In The Pleasures of Exile, as in his other works, George Lamming embraces the intricate issues of colonization and decolonization with a canny combination of playfulness and seriousness, irony and commitment. “[It] is a reciprocal process,” Lamming observes, “to be a colonial is to be a man in a certain relation; and this relation is an example of exile.”
Through a series of interrelated essays, The Pleasures of Exile explores the cultural politics and relationships created in the crucible of colonization. Drawing on Shakespeare’s The Tempest and C. L. R. James’s The Black Jacobins, as well as his own fiction and poetry, Lamming deftly locates the reader in a specific intellectual and cultural domain while conjuring a rich and varied spectrum of physical, intellectual, psychological, and cultural responses to colonialism.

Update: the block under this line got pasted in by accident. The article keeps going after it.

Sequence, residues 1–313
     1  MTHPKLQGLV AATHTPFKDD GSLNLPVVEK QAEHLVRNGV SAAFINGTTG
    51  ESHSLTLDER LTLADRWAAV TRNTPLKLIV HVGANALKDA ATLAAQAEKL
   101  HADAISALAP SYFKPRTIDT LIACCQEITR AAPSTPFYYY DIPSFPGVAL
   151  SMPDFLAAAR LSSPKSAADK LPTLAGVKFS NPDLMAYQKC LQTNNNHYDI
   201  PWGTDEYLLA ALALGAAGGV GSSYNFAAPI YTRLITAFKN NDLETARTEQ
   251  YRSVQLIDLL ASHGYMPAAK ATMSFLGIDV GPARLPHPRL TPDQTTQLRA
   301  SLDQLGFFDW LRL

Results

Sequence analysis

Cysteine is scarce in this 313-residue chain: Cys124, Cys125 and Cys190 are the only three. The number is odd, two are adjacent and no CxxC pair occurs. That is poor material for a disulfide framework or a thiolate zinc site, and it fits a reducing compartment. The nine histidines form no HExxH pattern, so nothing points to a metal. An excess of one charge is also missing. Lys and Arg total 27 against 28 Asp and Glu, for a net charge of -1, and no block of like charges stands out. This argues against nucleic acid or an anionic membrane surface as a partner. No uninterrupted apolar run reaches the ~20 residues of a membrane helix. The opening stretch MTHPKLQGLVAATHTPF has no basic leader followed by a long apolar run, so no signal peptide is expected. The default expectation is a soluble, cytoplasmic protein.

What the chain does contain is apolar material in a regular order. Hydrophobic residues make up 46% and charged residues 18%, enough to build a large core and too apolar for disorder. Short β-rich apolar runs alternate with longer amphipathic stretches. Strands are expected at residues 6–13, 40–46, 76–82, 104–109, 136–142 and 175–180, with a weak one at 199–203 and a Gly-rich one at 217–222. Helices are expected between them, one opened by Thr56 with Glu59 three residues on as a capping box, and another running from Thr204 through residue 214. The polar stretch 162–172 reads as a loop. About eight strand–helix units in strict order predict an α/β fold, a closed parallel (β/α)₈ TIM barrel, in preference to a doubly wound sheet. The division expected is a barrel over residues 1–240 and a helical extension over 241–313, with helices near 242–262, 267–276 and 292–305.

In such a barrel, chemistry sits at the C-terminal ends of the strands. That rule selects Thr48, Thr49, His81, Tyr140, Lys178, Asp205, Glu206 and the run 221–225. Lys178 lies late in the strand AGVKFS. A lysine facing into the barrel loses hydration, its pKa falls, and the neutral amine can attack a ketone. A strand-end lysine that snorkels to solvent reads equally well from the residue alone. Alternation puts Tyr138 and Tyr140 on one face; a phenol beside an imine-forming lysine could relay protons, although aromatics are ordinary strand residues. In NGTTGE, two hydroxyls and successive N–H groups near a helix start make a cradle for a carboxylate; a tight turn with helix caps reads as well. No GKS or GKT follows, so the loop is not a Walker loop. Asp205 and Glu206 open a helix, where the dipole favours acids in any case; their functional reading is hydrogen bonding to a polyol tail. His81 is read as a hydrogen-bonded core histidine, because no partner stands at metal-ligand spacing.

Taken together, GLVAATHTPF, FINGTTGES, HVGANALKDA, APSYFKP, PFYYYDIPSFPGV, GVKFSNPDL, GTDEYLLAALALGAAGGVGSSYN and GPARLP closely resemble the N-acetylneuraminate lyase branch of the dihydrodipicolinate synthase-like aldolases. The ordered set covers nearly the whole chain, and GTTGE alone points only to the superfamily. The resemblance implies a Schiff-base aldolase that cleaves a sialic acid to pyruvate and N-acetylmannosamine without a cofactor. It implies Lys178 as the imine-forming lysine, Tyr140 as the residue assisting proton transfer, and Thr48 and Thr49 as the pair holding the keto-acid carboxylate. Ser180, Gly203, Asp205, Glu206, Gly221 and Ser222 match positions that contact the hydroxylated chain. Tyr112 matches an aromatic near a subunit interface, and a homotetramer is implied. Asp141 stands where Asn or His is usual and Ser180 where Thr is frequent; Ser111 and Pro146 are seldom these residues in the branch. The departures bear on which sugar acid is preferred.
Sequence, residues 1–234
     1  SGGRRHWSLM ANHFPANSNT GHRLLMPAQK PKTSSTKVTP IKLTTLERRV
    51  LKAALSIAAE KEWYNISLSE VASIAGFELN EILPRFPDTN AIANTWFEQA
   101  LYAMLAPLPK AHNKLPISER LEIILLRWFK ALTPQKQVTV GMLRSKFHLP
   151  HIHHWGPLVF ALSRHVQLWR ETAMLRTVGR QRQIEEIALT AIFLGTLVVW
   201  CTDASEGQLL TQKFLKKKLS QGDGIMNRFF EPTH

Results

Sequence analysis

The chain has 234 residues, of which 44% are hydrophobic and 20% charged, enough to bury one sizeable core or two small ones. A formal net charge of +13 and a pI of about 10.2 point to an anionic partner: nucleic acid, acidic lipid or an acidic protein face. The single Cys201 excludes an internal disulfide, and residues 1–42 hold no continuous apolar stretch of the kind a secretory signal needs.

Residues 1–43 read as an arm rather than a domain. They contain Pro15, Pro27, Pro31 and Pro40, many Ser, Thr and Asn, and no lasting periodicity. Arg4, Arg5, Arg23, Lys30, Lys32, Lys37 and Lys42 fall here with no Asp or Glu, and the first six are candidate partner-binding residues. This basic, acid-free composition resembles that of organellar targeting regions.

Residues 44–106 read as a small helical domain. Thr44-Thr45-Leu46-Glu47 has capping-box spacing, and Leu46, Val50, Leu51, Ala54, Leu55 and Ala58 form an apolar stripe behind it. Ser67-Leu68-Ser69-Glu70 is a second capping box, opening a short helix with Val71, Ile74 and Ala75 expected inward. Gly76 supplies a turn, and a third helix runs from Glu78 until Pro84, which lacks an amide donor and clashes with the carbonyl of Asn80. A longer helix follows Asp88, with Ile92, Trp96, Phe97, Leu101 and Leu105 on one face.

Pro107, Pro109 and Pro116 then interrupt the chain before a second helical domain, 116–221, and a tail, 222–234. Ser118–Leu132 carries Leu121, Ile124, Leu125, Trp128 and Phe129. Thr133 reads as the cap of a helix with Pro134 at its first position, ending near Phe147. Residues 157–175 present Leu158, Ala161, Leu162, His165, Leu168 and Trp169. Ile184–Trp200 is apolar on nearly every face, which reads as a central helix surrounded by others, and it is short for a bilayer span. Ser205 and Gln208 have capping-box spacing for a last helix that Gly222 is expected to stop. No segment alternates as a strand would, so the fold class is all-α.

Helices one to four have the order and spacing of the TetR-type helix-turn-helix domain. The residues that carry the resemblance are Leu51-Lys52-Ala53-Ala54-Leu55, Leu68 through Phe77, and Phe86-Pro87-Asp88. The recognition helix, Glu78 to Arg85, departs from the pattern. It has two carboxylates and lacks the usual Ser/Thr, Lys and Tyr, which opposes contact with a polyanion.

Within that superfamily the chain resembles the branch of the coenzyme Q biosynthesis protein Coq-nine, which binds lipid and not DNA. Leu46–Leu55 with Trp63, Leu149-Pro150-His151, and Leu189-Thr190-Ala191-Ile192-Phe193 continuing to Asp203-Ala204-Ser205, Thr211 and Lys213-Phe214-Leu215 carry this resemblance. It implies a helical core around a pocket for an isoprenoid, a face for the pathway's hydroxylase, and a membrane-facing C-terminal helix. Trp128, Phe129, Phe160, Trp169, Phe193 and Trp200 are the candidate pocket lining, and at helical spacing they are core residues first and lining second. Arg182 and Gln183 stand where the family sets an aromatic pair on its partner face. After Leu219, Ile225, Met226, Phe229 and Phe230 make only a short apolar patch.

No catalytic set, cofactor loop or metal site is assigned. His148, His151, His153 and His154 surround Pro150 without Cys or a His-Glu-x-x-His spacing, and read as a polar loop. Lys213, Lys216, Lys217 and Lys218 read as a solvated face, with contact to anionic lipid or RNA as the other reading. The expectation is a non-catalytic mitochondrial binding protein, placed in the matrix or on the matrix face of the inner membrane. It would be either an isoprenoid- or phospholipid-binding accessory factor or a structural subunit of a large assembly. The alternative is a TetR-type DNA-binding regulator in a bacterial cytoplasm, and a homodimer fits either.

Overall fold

“My subject,” he writes, “is the migration of the West Indian writer, as colonial and exile, from his native kingdom, once inhabited by Caliban, to the tempestuous island of Prospero’s and his language. This book is a report on one man’s way of seeing.”